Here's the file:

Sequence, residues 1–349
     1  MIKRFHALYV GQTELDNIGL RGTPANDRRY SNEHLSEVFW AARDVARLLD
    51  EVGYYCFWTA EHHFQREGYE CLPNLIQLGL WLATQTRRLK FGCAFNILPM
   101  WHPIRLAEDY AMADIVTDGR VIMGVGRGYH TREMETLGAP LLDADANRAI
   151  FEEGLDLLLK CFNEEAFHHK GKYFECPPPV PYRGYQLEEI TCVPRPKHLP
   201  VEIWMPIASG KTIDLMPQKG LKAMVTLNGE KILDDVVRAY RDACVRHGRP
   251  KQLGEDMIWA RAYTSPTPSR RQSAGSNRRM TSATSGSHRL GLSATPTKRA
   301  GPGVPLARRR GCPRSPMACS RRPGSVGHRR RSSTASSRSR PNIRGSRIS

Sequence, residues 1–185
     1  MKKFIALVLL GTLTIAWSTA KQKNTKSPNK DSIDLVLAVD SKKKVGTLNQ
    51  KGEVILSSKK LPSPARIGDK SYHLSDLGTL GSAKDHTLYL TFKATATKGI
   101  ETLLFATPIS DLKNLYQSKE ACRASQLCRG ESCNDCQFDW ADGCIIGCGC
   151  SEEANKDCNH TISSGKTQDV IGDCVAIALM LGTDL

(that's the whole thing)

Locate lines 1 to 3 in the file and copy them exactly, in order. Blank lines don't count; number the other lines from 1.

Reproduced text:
Sequence, residues 1–349
     1  MIKRFHALYV GQTELDNIGL RGTPANDRRY SNEHLSEVFW AARDVARLLD
    51  EVGYYCFWTA EHHFQREGYE CLPNLIQLGL WLATQTRRLK FGCAFNILPM